ByBenjamin Marlatt, writer at

Upon winning a lottery that’s worth $86 million, Alice Klieg (Kristen Wiig) – a woman diagnosed with Borderline Personality Disorder – decides to quite taking her prescribed meds and buy her own talk show titled Welcome to Me. Over time, her show, which is two hours of her going on and on about everything from bizarre diets to past grudges, gains popularity from viewers either seeing it as inspired art or the biggest train wreck in the history of television. But it comes at a price as it distances herself from her friends and family and wreaks havoc on her psychological state.

Welcome to Me might seem like the craziest idea anyone’s ever created. Examples of the on-air activities include baking a sweet potato/meatloaf cake and then eating it, reenacting tragic events, such as a particularly traumatic missing makeup bag, the occasional meltdown and always opening the show by riding out in a swan boat to greet the live studio audience.

But in today’s era of television, when you think of Honey Boo Boo, what gets aired on truTV and the horse shit that gets puked out on MTV, Klieg’s show actually doesn’t seem that far removed from reality.

It’s tricky for any film to deal with a lead character suffering from a form of mental illness. It’s even trickier to place them inside a black comedy ’cause then you run the risk of off-putting your viewers. At times, the tone can get a tad wobbly, but director Shira Piven (brother of actor Jeremy Piven) deserves credit for not turning this into a tonal catastrophe. This kind of subject matter would be hard for even an experienced director to handle right; this is only Piven’s second feature-length film.

Sure, in certain spots, the laughter can get slightly uncomfortable, and like the audience and production crew, we don’t know what to think or feel as we also await what the unpredictable Alice might do next. That’s black comedies for ya, though, and Piven and writer Eliot Laurence manage to tread a fine line between complex character study and exploitation, dark humor and bad taste.

That said, no matter how good the writing and direction may be, this film lives and dies by Kristen Wiig’s performance as Alice Klieg, a woman whose social filter is as disciplined as Harry Goldfarb’s heroin addiction. Lesser talents could’ve either turned Alice into something too precious and maudlin like Sean Penn’s I Am Sam, or on the flip side, portrayed her condescendingly. Wiig, however, delivers a magnificent performance that manages to be funny, sympathetic, disturbing and heartbreaking without hitting a single false note. No mistake or confusion is made about her condition; it’s clear from the get-go she’s a disturbed woman, and neither Wiig or Piven make any attempt to hide that fact. But Wiig brings something endearing to the character as well without being cutesy about it.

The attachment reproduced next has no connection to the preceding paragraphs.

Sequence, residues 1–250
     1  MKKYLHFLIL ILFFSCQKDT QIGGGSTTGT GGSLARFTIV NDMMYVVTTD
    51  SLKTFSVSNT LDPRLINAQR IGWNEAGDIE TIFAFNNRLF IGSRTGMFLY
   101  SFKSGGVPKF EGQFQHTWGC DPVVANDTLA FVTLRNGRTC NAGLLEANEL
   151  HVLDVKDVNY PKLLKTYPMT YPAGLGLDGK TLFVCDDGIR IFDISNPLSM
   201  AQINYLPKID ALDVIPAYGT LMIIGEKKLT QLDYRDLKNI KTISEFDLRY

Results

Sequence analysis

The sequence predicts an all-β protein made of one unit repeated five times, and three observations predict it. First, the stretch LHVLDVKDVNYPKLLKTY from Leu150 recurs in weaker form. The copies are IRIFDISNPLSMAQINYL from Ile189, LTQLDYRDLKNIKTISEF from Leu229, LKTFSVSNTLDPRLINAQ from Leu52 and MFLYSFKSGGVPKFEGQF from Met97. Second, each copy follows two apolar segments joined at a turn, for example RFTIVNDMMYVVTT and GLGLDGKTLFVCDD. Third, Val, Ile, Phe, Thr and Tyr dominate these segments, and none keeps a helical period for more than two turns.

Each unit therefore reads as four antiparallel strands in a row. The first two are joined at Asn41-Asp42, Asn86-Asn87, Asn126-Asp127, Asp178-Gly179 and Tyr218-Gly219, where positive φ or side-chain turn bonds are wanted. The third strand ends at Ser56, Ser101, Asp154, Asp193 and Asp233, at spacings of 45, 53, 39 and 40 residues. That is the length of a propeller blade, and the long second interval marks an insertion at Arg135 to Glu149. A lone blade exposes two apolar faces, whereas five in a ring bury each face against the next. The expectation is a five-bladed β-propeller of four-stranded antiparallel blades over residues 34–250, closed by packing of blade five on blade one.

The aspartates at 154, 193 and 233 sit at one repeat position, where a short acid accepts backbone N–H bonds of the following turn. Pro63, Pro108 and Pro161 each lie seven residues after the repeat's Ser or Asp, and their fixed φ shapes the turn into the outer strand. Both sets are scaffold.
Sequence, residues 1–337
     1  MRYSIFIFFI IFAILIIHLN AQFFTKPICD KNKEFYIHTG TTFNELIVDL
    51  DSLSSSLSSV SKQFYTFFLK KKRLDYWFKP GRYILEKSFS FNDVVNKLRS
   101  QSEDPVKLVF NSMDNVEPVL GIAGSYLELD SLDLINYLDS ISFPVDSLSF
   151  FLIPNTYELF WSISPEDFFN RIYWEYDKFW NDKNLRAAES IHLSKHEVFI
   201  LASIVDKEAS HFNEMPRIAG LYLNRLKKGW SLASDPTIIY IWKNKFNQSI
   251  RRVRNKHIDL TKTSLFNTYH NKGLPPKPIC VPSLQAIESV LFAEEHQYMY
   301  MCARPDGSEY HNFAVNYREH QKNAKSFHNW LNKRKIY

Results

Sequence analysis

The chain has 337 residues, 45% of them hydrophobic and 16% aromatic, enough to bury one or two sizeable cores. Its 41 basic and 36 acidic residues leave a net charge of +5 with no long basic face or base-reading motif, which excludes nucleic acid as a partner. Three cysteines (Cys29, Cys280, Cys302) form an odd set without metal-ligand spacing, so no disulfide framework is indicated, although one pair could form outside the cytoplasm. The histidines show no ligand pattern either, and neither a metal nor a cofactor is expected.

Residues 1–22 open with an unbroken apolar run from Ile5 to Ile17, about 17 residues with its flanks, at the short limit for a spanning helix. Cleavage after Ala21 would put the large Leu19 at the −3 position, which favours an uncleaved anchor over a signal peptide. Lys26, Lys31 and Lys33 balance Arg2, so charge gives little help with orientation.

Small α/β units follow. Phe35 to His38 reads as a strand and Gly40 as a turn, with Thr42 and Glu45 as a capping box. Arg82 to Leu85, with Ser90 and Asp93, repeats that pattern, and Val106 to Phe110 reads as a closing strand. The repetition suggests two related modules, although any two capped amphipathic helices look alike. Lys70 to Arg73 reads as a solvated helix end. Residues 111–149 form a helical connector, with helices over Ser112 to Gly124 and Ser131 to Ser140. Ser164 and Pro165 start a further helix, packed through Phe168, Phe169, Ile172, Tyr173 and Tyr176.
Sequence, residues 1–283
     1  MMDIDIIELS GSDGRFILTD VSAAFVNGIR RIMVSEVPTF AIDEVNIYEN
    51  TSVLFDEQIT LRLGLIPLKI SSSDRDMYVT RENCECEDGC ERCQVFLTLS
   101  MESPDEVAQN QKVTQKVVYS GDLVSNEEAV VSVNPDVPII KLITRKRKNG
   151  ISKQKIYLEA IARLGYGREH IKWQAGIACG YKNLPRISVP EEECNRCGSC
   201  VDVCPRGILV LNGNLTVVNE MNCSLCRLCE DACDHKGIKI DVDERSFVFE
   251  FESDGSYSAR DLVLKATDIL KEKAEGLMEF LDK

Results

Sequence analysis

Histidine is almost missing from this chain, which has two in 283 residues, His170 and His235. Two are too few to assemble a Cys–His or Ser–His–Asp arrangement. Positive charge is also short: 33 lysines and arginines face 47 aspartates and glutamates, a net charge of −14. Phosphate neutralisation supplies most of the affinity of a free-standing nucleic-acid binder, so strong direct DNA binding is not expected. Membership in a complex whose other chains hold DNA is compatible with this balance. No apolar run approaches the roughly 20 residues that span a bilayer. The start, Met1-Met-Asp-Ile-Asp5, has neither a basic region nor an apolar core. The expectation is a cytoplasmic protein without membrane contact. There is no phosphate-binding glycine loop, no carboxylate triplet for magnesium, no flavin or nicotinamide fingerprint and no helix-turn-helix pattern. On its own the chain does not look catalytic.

I do have to commend Wiig. She could’ve easily made a comfortable living playing dopey, quirky characters you’d probably see her play during her SNL days (not that she’s bad at those), but she’s been challenging herself with the roles she’s taken on lately, such as what we saw from her last year in The Skeleton Twins. She not only tops that great performance, she delivers the best performance I’ve seen from actress so far this year.

Backing up Wiig is standout supporting cast that includes Wes Bentley, Joan Cusack, Tim Robbins and Jennifer Jason Leigh. I’d be remiss to not mention James Marsden as well, simply ’cause he’s been popping up in so many God awful movies (so far he has two films that are pretty much shoo-ins for top 10 worst of this year) that you start wondering if someone’s got blackmail dick photos of him. It’s nice to see him not only show up in a good movie, but deliver a solid performance in it as well.

Selectivity, Cyclops. Seriously, it’s not a crime.

Trying to balance a serious mental illness inside a dark comedy is no easy feat, and Welcome to Me can get a little uneven at times because of that uneasy mix, but director Shira Piven turns in a fine effort that’s confident enough to keep things from getting too carried away. It’s Kristen Wiig, though, that commands everyone’s attention here, giving an impressively complex performance that holds the entire film together.

I give Welcome to Me an A- (★★★½).

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